"Our whole plan, our idea for the season, for the race, for the overall win in the Tour de France - from one moment to the next it was all for nothing! My great goal, which had run through my head like a film, was suddenly gone."
But if Voigt back then had little to say about Operación Puerto here it gets a whole chapter to itself. But one in which Voigt still finds little to say about his erstwhile team-mate. Here he is this time on the man who thought about doping and even went so far as to let the Spanish gynaecologist have a bag of his blood in case he ever felt like making thought become deed:
"Just before the 2006 Tour de France, our team leader, Ivan Basso, was expelled from the race for his involvement with Dr Eufemiano Fuentes and the whole Operation Puerto investigation in Spain (although he was never prosecuted for doping)."
Despite Voigt's silence here on Basso - and his silence here on quite a lot else besides - Shut Up Legs! is quite unlike Man muss kämpfen in one regard: doping is all over the book. There's "Doping, CSC and, 93-95, 96-97, 100". There's "Doping, impact on cycling, 99-100, 130, 139-40, 146". There's "Doping, prevention measures, 62-63, 95, 99, 100, 142". There's "Doping, scandals, Festina affair 49, 58-59, 60, 61, 63, 94, 139, 143; Lance Armstrong, 61,139-40, 146-47; Operation Puerto, 61, 93-95, 96, 97, 99, 126, 139, 141, 144, 147; post-Festina, 61, 64; sponsors' response to, 128; Voigt's views on, 59-62, 64-65, 95, 97-99, 129-130, 142-144". That's a lot of doping. Here's a not atypical take on what Voigt has to say on the subject:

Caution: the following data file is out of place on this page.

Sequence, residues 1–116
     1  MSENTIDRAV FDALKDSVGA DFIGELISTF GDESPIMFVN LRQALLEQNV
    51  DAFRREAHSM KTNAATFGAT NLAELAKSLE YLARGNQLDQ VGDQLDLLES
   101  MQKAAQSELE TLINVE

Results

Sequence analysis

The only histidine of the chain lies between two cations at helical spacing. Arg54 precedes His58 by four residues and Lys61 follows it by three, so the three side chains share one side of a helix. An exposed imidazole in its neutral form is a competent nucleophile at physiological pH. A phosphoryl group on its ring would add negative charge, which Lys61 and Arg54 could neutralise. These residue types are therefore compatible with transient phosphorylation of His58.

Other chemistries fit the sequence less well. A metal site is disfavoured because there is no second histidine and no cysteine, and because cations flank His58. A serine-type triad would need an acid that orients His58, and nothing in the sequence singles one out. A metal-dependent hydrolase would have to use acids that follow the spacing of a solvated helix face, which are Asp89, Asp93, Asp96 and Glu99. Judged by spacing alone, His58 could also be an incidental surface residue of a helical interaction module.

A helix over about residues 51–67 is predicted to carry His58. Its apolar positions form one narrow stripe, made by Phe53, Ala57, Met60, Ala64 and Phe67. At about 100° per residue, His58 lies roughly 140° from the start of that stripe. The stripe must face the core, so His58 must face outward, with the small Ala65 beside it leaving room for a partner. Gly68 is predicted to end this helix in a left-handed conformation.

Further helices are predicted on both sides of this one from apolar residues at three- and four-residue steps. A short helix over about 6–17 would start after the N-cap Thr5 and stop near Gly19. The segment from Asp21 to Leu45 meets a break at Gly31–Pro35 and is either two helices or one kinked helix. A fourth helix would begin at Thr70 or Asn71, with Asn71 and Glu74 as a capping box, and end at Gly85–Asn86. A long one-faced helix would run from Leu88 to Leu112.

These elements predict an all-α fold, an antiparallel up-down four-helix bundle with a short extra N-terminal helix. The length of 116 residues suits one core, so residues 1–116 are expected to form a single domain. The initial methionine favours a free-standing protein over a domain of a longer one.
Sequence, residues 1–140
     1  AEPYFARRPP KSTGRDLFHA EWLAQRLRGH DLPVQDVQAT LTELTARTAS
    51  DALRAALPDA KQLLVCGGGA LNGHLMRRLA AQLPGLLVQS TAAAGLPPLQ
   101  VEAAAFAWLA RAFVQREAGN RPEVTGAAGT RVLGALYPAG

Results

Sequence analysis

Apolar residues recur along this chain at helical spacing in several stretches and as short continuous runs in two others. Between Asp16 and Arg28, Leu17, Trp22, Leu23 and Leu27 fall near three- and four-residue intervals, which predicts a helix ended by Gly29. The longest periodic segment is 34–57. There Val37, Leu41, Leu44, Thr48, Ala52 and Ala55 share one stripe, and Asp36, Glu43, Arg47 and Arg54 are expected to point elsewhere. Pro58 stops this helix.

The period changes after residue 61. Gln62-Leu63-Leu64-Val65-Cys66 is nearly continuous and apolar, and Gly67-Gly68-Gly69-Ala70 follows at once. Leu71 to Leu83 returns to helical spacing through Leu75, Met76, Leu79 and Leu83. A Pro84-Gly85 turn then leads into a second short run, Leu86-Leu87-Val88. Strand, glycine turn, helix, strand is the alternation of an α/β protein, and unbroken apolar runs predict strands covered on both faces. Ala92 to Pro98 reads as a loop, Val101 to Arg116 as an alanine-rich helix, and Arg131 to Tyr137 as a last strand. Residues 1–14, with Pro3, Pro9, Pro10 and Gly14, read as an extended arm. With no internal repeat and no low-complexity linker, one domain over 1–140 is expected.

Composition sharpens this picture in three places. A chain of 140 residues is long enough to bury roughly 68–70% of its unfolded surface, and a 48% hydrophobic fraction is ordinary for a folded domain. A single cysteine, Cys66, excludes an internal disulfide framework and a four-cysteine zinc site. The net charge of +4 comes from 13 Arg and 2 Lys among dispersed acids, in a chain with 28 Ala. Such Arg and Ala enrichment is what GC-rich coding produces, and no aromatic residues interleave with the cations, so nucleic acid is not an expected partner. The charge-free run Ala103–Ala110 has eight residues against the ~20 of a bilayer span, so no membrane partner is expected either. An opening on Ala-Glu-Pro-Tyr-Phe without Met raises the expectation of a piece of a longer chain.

"There were times where I'd be out training by myself and thinking, 'What could I do to get better?' But for me, I felt like I had a choice. Perhaps I could have become a big superstar by signing with certain teams and winning bigger races. But at the same time, I would have risked having everything blow up in my face. You know, after the Festina affair in 1998, it was still possible to ride clean and have a good career. The French teams were the first to take a strong position against doping, but other teams soon followed. And a lot of riders like me won smaller races or stages in the Tour without doping."
For all of the doping talk within the pages of Shut Up Legs! - and it's important here that you realise that there is much, much more talk of doping here than you will find even in books like Shadows On The Road or The Loyal Lieutenant - there is something weird going on: I actually came away from the book feeling like I knew even less about doping than when I started reading.